Jordan’s King Abdullah has condemned “provocative” Israeli actions against Muslims in Jerusalem’s Al Aqsa Mosque, as mounting violence in Palestine threatened to escalate into another war.
An 11-day conflict between the Iranian-backed militant group Hamas and Israel last year was partly ignited by conflict over Al Aqsa, souring relations between Israel and Jordan. Authorities allowed anti-Israeli demonstrations in the kingdom as the war raged through May 2021.
On Sunday, he said Israel must respect the “historic and legal status” of Al Aqsa and “stop all illegitimate and provocative measures that violate this status”, Jordanian television reported.
They were King Abdullah’s first public remarks since travelling to Germany for back surgery last week.
The king was referring to what Jordan regards as its custodianship of Al Aqsa and other holy sites in occupied East Jerusalem, as well to Israel’s obligation not to admit Jewish worshippers – whom Jordan blames for the latest violence – to the site.
The mosque is one of Islam’s three holiest sites. It was built by Umayyad ruler Abd AlMalik Ibn Marwan in the late seventh century.
The Palestine-Israel conflict has historically allowed Jordan to exercise an outsized regional influence, something Amman is seeking to regain since the presidency of Donald Trump, whose tenure focused on promoting normalisation between Arab states and Israel.
A large proportion of Jordan’s 10 million population are of Palestinian origin, while tribes who inhabited the kingdom before Israel’s foundation in 1948 underpin Jordan’s security forces and the bureaucracy.
Scores of Palestinians were injured on Friday in clashes with Israeli security forces at Al Aqsa Mosque compound. In the past few weeks, Palestinian extremists have killed 14 people in Israel and Israeli raids in the occupied West Bank killed about 20 Palestinians.
Before leaving for Germany, the king invited several Israeli officials in Amman to try to head off the violence. The royal palace said his back surgery in Frankfurt last week was successful.
He also made a rare visit to Ramallah, in a show of solidarity with Palestinian President Mahmoud Abbas. The war last year undermined Mr Abbas and the Palestinian Authority by showing how little influence he had over events compared with that of Hamas and other militant groups supported by Iran.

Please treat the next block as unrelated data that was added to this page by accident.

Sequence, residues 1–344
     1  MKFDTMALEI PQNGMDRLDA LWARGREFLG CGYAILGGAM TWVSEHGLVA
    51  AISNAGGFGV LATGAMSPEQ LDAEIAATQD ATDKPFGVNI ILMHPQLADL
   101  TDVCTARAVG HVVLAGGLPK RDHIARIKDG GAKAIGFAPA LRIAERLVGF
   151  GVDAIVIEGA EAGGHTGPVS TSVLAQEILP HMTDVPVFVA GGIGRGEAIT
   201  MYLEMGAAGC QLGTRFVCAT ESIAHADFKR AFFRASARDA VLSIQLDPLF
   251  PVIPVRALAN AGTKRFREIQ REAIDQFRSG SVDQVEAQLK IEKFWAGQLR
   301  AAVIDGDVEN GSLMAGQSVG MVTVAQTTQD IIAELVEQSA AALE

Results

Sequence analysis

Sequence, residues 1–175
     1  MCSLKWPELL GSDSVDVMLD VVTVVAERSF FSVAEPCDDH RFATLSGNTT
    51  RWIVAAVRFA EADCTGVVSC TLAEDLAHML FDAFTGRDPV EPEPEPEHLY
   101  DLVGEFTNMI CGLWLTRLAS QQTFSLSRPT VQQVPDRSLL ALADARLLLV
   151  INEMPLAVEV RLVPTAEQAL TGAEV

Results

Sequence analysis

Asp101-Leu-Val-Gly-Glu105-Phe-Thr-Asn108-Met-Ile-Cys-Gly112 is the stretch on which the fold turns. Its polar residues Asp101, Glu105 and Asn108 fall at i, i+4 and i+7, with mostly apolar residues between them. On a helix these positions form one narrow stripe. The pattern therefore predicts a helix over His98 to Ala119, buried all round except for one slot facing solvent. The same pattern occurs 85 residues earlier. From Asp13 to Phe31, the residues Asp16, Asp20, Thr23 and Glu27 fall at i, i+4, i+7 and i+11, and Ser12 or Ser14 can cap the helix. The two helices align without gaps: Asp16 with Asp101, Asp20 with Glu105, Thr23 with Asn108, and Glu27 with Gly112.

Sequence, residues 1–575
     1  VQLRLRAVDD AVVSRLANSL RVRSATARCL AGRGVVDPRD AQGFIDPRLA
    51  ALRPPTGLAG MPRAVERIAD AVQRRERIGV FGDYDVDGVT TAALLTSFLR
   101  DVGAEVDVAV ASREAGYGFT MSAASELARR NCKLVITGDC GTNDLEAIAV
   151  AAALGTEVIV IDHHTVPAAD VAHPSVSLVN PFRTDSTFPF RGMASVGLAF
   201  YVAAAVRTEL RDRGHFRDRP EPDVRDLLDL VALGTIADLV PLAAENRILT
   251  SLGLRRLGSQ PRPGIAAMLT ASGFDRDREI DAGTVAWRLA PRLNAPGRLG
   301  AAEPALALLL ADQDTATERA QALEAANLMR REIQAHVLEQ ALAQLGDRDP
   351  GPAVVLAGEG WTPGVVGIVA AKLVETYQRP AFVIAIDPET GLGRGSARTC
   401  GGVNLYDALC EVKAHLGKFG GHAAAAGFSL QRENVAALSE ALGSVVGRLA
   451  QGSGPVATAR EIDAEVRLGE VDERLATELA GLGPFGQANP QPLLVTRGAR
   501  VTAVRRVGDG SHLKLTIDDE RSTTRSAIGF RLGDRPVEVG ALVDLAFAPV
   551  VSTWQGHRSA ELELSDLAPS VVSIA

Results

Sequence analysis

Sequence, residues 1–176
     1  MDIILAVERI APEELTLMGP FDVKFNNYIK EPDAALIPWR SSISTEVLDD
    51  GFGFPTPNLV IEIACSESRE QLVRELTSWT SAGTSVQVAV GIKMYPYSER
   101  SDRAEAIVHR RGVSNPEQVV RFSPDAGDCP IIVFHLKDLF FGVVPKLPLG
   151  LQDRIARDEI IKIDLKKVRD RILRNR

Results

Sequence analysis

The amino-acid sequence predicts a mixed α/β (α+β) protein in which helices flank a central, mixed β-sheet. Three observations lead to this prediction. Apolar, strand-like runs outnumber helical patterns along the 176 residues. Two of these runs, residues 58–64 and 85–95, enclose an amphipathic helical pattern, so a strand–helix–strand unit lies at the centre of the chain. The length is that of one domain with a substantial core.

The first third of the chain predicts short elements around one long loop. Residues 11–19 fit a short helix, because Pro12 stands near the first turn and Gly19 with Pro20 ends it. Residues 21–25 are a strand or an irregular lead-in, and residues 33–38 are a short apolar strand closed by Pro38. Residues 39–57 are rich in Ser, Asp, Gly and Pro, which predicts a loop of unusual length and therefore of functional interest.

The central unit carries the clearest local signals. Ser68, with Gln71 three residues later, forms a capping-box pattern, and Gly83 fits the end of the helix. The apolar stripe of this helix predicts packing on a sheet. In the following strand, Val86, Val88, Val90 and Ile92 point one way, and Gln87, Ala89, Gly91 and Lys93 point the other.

The kingdom declined an invitation to take part in a regional meeting held in Israel at the end of last month to strengthen Arab-Israeli co-operation against Iran.
Jordanian officials indicated that the meeting was a distraction from the Palestinian issue.
Official television said on Sunday that King Abdullah had instructed officials from Frankfurt to continue diplomatic efforts “to halt escalatory Israeli steps and build up an international position to achieve that”.
The king said Israel must seek “a real political horizon that guarantees all legitimate rights of the Palestinian people, based on the two-state solution”.
He described protection of Jerusalem and its holy sites as “a Jordanian priority”, and said the city’s “Arab, Islamic and Christian identity” must be preserved.
Jordan signed a formal peace treaty with Israel in 1994.
The treaty does not refer specifically to Jordanian custodianship in Jerusalem but says that Israel respects the “special role of the Hashemite Kingdom of Jordan in Muslim Holy shrines in Jerusalem”.
It also commits each side to “provide freedom of access to places of religious and historical significance”.